HSBC Holdings Plc has agreed to pay $1.92 billion to settle a multi-year U.S. criminal probe into money-laundering lapses at the British lender, the largest penalty ever paid by a bank.
HSBC admitted to a breakdown of controls and apologized in a statement on Tuesday announcing it had reached a deferred-prosecution agreement with the U.S. Department of Justice, as was first reported by Reuters last week.
“We accept responsibility for our past mistakes. We have said we are profoundly sorry for them, and we do so again. The HSBC of today is a fundamentally different organization from the one that made those mistakes,” said Chief Executive Stuart Gulliver.
“Over the last two years, under new senior leadership, we have been taking concrete steps to put right what went wrong and to participate actively with government authorities in bringing to light and addressing these matters.”
The bank said it expected to also reach a settlement with British watchdog the Financial Services Authority.
U.S. and European banks have now agreed to settlements with U.S. regulators totaling some $5 billion in recent years on charges they violated U.S. sanctions and failed to police illicit transactions.
No bank or bank executives, however, have been indicted as prosecutors have instead utilized deferred prosecutions.
The deferred prosecution agreement, when detailed by U.S. Justice Department officials later on Tuesday, could yield new information about a failure at HSBC to police transactions linked to Mexico, sources familiar with the matter said. Details of those dealings were reported this summer in a sweeping U.S. Senate probe.
HSBC’s settlement also includes agreements or consent orders with the Manhattan district attorney, the Federal Reserve and three U.S. Treasury Department units: the Office of Foreign Assets Control, the Comptroller of the Currency and the Financial Crimes Enforcement Network.
HSBC said it would pay $1.921 billion, continue to cooperate fully with regulatory and law enforcement authorities and take further action to strengthen its compliance policies and procedures. U.S. prosecutors have agreed to defer or forgo prosecution.
The settlement is the third time in a decade that HSBC has been penalized for lax controls and ordered by U.S. authorities to better monitor suspicious transactions. Directives by regulators to improve oversight came in 2003 and again in 2010.
Last month, HSBC told investors it had set aside $1.5 billion to cover fines or penalties stemming from the inquiry and warned costs could be significantly higher.
Analyst Jim Antos of Mizuho Securities said the statement on Tuesday indicates an extra $420 million for the settlement costs, calling it a “trivial” figure in terms of the company’s book value. “But in terms of real cash terms, that’s a huge fine to pay,” said Antos, who rates HSBC a “buy.”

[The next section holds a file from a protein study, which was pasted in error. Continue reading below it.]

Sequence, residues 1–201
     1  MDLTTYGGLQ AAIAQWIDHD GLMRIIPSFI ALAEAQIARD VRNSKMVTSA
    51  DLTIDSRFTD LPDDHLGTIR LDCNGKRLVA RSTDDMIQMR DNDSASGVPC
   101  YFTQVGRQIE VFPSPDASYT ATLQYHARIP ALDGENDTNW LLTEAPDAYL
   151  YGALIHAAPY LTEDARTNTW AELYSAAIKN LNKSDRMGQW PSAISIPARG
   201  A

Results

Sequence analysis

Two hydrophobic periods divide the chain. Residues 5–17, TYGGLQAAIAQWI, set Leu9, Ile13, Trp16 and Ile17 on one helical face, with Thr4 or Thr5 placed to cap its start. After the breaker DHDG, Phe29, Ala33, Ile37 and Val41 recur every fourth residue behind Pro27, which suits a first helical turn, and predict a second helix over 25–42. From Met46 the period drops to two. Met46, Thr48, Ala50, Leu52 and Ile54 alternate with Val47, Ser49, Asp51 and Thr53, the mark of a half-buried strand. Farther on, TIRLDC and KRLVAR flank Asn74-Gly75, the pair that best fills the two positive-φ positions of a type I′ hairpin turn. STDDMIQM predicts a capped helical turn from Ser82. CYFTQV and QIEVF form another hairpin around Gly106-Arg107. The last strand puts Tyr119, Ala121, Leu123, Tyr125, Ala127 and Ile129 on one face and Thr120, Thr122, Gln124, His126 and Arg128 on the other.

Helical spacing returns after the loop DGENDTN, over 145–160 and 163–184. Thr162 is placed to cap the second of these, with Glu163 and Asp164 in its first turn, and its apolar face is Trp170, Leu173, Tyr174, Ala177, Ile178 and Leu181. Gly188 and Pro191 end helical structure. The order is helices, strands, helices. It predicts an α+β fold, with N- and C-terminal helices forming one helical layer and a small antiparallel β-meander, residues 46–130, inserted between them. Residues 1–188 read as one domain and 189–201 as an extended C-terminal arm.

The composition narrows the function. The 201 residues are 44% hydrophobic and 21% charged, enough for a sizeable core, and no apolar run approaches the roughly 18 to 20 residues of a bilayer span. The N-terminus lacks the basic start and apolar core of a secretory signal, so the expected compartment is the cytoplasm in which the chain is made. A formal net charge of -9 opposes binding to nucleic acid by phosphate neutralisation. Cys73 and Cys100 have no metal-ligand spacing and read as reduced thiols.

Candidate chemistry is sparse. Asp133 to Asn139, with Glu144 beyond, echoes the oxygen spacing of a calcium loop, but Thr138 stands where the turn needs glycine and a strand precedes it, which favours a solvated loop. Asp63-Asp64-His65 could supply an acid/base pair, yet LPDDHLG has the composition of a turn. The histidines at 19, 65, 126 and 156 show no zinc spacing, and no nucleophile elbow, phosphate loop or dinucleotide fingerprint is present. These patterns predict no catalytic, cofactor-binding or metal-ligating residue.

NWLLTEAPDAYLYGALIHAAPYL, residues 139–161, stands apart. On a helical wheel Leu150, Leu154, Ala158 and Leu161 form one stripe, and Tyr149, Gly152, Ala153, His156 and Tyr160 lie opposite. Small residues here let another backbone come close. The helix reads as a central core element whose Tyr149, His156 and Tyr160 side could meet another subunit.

HSBC shares fell slightly in early London trading to £6.40 [$10.26]. The bank’s Hong Kong listed stock nudged up 0.3 percent to HK$79.70.
HSBC’s settlement is the latest chapter in an embarrassing period for the bank, the result of a lengthy probe into Europe’s biggest bank by U.S. law enforcement agencies as well as a U.S. Senate panel that in July issued a scathing review of HSBC.
ANTI-MONEY LAUNDERING CONTROLS
In its statement, HSBC said it had increased spending on anti-money laundering systems, exited business relationships, and clawed back bonuses for senior executives. It also cited the hiring last January of Stuart Levey, a former top U.S. Treasury Department official, as chief legal officer.
Under a five-year agreement with the Justice Department, HSBC agreed to have an independent monitor evaluate its progress in improving its compliance.
HSBC also said that as part of the overhaul of its controls it has launched a global review of its Know Your Customer files, which will cost an estimated $700 million over five years. The bank has also increased its spending on anti-money laundering by around nine times between 2009 and 2011, it said.
HSBC’s settlement comes a day after rival British bank Standard Chartered Plc agreed to a $327 million settlement with U.S. law enforcement agencies for sanctions violations, a pact that follows a $340 million settlement the bank reached with the New York bank regulator in August.
Such settlements have become commonplace. In what had been the largest settlement until this week, ING Bank NV in June agreed to pay $619 million to settle U.S. government allegations it violated sanctions against countries including Cuba and Iran.
Other banks that have reached settlements over sanctions violations are Credit Suisse Group of Switzerland, Lloyds Banking Group and Barclays Plc in Britain and ABN Amro Holding NV, a Dutch bank acquired by Royal Bank of Scotland Group Plc and a bank consortium in 2007. In the United States, J.P. Morgan Chase & Co., Wachovia Corp. and Citigroup Inc. have been cited for anti-money laundering lapses or sanctions violations.
HSBC’s failings date to 2003, when the Federal Reserve Bank of New York and New York state regulators ordered the bank to better monitor suspicious money flows.
In 2010, a consent order from the Comptroller of the Currency (OCC) ordered HSBC to review suspicious transactions moving through the bank. At the time, the OCC called HSBC’s compliance program “ineffective”.
In 2008, the U.S. Attorney in Wheeling, West Virginia, began investigating HSBC and how a local doctor allegedly used the bank to launder Medicare fraud.
Ultimately, that prosecutor’s office came to believe the case was “the tip of the iceberg” in terms of the suspicious transactions conducted through HSBC, according to documents reviewed by Reuters and reported earlier this year.
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